My mood turned sour this weekend as I discovered the most unpleasant task in boat building.
Buoyant from my success with fiberglassing, I returned to the garage ready to prepare the bottom and keel for painting. All I needed to do was make a quick trip around the boat with a sander—or so I thought. But I learned that it takes a great deal of time to get even a moderately smooth surface that is fully prepped for painting. Furthermore, I learned that there are few things more unappealing than spending a Saturday hunched over a whining belt sander while fine epoxy dust forms a thick and (surely) unhealthy cloud around my head. Yes, I was wearing a respirator, but the whole experience was antithetical to everything I associate with woodworking, sailing, and healthy living. Instead of aromatic wood shavings and fresh breezes, I left the garage coated in powder, my ears ringing, certain that I had turned my workspace into a future Superfund site.
I’m not a perfectionist; I don’t mind a somewhat uneven surface, especially on the boat’s bottom, which will remain hidden to all but the fishes. Given the option, I wouldn’t sand the bottom at all. But all boat building books in my possession agree that it is important to sand epoxied surfaces before applying primers and paints. Only by roughing the surface with aggressive application of 80 grit paper will the glossy epoxy have the necessary tooth to hold primer in place. On some forums, builders are told that a quick once over isn’t good enough; it’s important to remove all the gloss.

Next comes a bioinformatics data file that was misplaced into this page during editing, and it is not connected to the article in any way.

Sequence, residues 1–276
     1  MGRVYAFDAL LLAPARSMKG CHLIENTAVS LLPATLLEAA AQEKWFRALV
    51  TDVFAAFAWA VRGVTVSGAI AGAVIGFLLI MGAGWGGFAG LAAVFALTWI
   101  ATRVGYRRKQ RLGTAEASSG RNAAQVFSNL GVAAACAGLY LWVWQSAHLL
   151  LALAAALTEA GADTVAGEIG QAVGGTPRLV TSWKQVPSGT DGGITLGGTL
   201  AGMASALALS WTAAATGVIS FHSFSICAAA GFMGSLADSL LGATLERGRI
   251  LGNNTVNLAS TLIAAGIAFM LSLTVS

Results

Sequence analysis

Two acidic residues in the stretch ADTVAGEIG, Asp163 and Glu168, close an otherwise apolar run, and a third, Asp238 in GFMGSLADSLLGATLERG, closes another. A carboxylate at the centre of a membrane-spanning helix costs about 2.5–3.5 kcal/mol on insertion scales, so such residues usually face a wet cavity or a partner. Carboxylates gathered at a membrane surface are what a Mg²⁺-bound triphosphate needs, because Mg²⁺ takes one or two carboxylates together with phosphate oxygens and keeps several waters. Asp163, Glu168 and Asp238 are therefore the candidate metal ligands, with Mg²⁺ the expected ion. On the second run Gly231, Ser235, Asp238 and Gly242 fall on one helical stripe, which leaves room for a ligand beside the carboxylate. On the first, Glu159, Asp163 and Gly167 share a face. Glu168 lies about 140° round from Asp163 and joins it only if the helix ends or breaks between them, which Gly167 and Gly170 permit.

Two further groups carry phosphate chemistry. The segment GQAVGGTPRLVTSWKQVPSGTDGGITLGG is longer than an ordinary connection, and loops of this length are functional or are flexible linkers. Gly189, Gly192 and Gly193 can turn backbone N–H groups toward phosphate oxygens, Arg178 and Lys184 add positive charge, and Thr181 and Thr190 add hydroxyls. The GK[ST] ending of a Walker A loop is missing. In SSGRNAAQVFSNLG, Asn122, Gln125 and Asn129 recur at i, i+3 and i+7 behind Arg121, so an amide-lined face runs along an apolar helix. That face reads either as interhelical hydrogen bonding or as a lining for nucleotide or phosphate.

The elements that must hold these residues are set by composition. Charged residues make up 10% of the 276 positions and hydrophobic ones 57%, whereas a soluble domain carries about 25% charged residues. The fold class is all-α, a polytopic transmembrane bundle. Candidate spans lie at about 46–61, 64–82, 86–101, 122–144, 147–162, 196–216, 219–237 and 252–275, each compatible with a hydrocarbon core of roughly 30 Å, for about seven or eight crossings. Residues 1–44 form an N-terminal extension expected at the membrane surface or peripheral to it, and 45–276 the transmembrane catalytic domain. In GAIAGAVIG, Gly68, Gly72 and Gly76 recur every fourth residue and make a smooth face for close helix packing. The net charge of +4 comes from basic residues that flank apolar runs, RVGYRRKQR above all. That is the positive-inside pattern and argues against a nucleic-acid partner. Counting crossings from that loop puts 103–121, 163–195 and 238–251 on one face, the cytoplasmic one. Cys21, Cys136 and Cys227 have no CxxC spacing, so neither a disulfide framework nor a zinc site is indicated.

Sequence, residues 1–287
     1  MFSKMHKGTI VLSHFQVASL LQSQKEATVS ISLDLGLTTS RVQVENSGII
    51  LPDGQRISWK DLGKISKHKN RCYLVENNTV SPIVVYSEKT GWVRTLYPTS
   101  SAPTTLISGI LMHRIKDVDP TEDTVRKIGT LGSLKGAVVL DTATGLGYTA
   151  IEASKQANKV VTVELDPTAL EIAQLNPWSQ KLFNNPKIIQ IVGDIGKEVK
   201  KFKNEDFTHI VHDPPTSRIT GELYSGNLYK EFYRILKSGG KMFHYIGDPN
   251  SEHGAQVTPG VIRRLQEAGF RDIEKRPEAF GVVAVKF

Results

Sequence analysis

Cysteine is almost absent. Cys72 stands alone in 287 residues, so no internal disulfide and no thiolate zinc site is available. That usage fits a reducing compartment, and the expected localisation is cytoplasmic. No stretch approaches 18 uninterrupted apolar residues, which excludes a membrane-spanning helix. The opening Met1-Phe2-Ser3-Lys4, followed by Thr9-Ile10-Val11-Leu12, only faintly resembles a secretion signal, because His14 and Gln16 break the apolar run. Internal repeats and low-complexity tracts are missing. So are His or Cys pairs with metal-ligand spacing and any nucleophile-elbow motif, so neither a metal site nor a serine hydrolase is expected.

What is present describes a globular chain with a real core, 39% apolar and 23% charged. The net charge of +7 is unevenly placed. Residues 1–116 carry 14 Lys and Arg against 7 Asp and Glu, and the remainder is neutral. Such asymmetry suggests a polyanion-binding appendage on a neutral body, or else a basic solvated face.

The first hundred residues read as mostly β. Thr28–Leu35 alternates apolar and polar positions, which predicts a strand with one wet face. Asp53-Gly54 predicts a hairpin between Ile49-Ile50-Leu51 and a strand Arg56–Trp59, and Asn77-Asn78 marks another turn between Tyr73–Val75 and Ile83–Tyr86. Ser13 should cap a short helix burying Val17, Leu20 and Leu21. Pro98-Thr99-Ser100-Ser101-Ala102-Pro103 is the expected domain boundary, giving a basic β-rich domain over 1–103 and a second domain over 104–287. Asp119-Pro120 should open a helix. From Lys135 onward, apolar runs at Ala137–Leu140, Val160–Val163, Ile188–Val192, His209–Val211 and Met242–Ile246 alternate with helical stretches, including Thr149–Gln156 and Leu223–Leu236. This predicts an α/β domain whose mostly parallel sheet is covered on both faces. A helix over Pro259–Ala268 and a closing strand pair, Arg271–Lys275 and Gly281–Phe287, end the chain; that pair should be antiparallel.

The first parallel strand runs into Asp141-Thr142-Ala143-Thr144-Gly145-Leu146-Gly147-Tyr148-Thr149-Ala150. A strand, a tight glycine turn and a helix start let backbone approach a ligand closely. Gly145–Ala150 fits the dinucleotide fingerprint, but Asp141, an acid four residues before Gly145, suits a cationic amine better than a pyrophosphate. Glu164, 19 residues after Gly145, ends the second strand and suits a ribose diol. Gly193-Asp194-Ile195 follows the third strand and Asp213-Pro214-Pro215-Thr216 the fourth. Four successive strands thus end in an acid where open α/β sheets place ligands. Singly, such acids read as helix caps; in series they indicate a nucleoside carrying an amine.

Of course, I can’t verify the truth of these statements. They make sense intuitively, but I don’t really know the difference between sufficient and inadequate sanding, so, like many novices, I felt compelled to take the safest route, which meant that I spent a full morning grinding away a startling amount of epoxy and creating an atmosphere filled with more dust than oxygen.
I came in for lunch so disgusted and dissatisfied that I actually declared to my wife that I would never—ever—build a fiberglassed boat again. Instead, I might build traditional boats—the kind that use oak timbers shaped by hand planes and sealed with pine tar and oakum (whatever that is). Alternately, I could take the opposite path and simply build my plywood boats without fiberglassing the hulls. Lots of people take this fast and cheap route (including Jim Michalak, one of my favorite designers). Sure, the cheaper plywoods will eventually check, but the boats will still float. I’d rather repaint every year than spend whole days sanding two hundred square feet of epoxy.
In the end, I don’t really hate boat building. But I am frustrated that that this one part of the process—so integral to the construction of modern plywood boats—is also so unnerving. I have lots of boats I want to build, but I need to find a way to build them in a healthy and satisfying way.